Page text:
I must have misunderstood the original post as I was thinking the premier PP software was PhotoShop. I just took a look at Amazon.com for a price check, and it is tad bit less expensive than I thought. A screen shot is attached below.
PhotoShop from Amazon.com

 
Aug 20, 2013 13:52:21   #
bsprague (a regular here)
 
Armadillo wrote:
Hello Bill,

I must have misunderstood the original post as I was thinking the premier PP software was PhotoShop. I just took a look at Amazon.com for a price check, and it is tad bit less expensive than I thought. A screen shot is attached below.

My view is that Photoshop, and most of the rest of CS5, CS5.5, CS6 and CC is for "Graphic Artists" that may want to make cartoons or animations for web sites. Lightroom is for "Photographers" that make pictures. And, since Lightroom integrates the handling of RAW files "under the hood", the inevitable photo adjustment process is as intuitive as .jpeg files.

There are probably some special circumstances where other products do better than Lightroom, but it does cover the broad range of what camera users do.
Aug 20, 2013 16:15:36   #
G Brown
 
Go elements - got the most tutorials in both the written and you tube formats. Then you will need to calibrate everything from your eyes to your electric pencil. Then buy a specific camera to take what you want to shoot - not all cameras can take pictures of everything seemingly. To take better pictures immediately upgrade - that's apparently how photography works. Once you have got around to reading a camera manual buy full photoshop, lightroom, topaz and whatever else has rave reviews in the press before deciding to buy a Bridge Camera - When you say you are considering a bridge it can be considered as a final cry for help. However, as dead photographers are always better than living ones, it won't really make much difference whether you shoot in Raw or Jpeg after all. As for manipulation - well, as a total professional you would not have even considered doing any obviously.
Aug 20, 2013 16:34:10   #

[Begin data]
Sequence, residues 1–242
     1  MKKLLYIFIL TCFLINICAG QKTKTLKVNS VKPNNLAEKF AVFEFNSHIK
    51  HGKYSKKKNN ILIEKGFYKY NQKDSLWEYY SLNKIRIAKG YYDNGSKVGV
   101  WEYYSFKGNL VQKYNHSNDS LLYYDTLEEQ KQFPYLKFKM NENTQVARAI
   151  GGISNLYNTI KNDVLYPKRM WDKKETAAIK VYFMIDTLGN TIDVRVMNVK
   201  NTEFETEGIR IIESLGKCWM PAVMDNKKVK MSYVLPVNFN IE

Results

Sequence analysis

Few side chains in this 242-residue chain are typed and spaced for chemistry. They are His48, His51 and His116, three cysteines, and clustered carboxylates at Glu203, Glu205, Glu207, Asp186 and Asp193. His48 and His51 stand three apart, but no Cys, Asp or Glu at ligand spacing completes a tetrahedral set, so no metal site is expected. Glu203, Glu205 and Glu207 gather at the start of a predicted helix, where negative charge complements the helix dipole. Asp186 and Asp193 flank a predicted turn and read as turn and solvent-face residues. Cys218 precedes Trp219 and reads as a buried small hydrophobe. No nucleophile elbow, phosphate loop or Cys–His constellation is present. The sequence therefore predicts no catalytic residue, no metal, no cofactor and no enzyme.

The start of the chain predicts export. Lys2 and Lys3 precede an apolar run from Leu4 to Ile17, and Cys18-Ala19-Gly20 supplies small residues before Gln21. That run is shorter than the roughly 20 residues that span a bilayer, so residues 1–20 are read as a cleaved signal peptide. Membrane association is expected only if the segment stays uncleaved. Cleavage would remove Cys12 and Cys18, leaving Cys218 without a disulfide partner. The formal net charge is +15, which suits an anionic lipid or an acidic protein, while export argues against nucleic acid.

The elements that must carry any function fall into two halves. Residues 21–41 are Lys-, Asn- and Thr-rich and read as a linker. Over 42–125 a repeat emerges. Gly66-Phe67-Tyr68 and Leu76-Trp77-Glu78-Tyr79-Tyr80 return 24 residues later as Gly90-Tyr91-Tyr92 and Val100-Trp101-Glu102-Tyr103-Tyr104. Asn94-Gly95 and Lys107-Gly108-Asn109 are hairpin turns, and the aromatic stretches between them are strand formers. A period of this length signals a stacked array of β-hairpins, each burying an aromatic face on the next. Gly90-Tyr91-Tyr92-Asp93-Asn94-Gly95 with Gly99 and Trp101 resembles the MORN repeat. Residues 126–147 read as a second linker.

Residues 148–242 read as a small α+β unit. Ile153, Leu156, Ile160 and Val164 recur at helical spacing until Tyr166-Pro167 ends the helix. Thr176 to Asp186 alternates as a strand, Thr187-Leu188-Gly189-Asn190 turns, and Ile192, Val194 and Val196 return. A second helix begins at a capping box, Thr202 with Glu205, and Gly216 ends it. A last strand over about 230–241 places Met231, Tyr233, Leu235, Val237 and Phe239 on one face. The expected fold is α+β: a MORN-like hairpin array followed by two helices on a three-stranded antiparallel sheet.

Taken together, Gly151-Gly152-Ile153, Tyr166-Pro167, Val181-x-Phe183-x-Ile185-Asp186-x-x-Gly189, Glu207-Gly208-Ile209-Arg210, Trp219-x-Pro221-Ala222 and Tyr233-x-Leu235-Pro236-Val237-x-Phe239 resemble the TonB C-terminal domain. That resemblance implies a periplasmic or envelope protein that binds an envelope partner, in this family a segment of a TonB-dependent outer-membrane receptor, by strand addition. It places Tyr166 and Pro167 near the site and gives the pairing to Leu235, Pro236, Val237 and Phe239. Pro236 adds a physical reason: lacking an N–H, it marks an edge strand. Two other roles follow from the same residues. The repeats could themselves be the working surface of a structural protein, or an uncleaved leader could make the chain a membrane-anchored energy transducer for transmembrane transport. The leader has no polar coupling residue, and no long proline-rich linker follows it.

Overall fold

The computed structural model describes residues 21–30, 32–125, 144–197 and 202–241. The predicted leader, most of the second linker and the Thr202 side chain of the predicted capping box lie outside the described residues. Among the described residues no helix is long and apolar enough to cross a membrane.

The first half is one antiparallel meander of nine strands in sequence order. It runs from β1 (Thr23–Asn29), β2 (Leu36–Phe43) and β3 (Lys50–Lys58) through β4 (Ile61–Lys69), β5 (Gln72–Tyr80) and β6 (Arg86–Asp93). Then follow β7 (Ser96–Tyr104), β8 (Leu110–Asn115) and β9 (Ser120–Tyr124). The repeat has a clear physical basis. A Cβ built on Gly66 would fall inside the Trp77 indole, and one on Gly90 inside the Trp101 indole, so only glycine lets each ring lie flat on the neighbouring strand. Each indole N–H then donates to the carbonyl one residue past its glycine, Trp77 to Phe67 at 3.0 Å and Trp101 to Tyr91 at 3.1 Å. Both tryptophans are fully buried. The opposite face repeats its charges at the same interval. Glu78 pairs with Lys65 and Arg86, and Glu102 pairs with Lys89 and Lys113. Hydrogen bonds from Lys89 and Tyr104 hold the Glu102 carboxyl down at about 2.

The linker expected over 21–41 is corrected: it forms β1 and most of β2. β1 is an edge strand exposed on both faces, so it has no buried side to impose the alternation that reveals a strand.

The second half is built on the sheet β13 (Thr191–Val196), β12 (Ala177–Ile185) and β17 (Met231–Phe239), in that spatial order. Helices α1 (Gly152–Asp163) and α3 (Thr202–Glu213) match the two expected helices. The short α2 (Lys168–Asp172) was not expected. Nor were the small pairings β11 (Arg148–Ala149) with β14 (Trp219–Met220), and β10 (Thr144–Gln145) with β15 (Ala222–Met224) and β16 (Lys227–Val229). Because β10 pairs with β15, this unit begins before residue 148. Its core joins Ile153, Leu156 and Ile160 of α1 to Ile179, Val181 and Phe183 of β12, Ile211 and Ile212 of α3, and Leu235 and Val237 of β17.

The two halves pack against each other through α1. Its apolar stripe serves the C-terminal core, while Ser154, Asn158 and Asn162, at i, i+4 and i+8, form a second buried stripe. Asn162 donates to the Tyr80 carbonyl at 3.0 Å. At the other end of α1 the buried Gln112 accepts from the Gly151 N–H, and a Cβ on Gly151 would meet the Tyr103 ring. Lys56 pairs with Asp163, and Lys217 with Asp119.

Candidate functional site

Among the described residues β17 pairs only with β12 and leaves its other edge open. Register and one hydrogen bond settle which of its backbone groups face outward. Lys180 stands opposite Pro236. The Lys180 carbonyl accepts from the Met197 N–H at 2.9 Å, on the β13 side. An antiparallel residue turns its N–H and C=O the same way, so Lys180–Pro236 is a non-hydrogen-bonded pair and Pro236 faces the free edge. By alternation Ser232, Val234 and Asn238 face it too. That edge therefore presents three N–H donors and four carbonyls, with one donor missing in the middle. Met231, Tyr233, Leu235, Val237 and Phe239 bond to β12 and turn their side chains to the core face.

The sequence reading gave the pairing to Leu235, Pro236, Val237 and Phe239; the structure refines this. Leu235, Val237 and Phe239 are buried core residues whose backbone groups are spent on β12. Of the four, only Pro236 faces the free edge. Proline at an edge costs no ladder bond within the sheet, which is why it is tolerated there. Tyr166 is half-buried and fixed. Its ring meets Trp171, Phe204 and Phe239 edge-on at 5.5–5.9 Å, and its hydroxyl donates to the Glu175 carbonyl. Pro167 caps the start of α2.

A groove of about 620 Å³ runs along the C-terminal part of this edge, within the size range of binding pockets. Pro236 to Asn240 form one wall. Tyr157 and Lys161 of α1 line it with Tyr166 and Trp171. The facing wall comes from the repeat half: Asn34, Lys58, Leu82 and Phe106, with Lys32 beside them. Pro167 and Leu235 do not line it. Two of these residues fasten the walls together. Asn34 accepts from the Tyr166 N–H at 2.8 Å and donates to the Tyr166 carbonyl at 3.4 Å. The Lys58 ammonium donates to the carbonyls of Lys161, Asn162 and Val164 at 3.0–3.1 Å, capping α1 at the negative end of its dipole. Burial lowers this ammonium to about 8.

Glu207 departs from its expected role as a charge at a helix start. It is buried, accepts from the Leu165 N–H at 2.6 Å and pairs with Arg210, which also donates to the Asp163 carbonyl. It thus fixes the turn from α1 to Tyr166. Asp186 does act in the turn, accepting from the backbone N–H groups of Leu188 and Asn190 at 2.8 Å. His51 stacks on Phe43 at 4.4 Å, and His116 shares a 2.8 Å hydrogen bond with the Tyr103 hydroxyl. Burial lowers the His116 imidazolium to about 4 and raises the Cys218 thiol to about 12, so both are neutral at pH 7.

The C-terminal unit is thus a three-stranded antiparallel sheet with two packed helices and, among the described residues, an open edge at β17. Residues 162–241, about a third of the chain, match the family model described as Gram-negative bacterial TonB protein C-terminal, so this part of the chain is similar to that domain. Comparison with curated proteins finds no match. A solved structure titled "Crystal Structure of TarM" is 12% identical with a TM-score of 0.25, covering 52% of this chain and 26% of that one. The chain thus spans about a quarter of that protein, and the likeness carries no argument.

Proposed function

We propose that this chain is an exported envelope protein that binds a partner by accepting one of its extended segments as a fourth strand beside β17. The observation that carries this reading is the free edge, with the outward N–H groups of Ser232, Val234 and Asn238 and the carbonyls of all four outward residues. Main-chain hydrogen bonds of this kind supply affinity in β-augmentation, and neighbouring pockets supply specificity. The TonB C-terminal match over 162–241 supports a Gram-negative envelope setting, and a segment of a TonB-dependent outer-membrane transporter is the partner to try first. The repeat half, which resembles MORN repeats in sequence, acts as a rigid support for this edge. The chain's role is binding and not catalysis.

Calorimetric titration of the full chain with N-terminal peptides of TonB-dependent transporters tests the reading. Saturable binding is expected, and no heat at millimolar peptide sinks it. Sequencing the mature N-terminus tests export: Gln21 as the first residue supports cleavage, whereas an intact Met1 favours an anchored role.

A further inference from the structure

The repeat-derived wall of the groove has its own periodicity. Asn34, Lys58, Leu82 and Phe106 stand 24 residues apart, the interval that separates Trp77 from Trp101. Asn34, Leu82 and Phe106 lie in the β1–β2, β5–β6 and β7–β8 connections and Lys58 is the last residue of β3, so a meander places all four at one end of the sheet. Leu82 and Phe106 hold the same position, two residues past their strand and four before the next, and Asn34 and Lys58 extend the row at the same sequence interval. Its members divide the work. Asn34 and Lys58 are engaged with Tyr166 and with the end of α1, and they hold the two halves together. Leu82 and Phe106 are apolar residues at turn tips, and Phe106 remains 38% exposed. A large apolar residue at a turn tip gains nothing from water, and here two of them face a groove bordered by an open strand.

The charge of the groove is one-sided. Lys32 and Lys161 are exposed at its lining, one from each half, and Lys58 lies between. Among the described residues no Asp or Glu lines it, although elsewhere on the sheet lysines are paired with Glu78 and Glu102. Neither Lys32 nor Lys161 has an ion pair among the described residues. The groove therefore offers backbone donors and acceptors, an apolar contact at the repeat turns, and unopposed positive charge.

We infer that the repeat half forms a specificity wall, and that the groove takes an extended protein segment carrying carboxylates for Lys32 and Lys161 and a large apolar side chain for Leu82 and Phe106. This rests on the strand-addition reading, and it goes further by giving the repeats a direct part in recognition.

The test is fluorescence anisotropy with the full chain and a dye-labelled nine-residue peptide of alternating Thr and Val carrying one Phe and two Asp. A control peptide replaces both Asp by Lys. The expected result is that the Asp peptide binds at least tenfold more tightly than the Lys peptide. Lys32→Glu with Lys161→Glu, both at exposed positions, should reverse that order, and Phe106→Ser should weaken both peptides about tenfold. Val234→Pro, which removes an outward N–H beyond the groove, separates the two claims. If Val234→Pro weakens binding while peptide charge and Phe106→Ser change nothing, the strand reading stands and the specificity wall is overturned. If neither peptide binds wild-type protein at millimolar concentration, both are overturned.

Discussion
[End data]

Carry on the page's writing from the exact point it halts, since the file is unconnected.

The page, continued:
bsprague (a regular here)
 
G Brown wrote:
Go elements - got the most tutorials in both the written and you tube formats. Then you will need to calibrate everything from your eyes to your electric pencil. Then buy a specific camera to take what you want to shoot - not all cameras can take pictures of everything seemingly. To take better pictures immediately upgrade - that's apparently how photography works. Once you have got around to reading a camera manual buy full photoshop, lightroom, topaz and whatever else has rave reviews in the press before deciding to buy a Bridge Camera - When you say you are considering a bridge it can be considered as a final cry for help. However, as dead photographers are always better than living ones, it won't really make much difference whether you shoot in Raw or Jpeg after all. As for manipulation - well, as a total professional you would not have even considered doing any obviously.
Go elements - got the most tutorials in both the w... (show quote)

Well written! GAS = Gear Addiction Syndrome. It does not lead to better photography.
Aug 20, 2013 17:29:58   #
DaveHam
 
The professional RAW editing software of choice is - was - Adobe Photoshop. Although Lightroom has a lot of the features of Photoshop it does not have all of them by any stretch of anyone's imagination.

Unfortunately Adobe has decided to move to what it laughingly refers to as a 'cloud based, monthly subscription model' for Photoshop beyond CS6 so anyone not wanting to hang on the pricing policies of Adobe now is limited to Lightroom. Which is a great product but is not the absolute choice of RAW users.

However if you are new to RAW post processing the first thing to do may be to understand what post is. Many photographers use RAW to enable them to better recover from problems with a digital image, such as changes to white balance, exposure etc. Others want to be able to modify the appearance of the image ranging from perhaps adding more tone and saturation through to editing out elements that they do not want to see. Other's may be more ambitious still posting to produce something bearing little relation to the original.

Perhaps having a play with the freebies will enable you to get to grips with the options before making a purchase which ends up not meeting your needs.

There are any number of freebies. Other software firms offer trial periods, so Corel PaintShop and similar could be considered.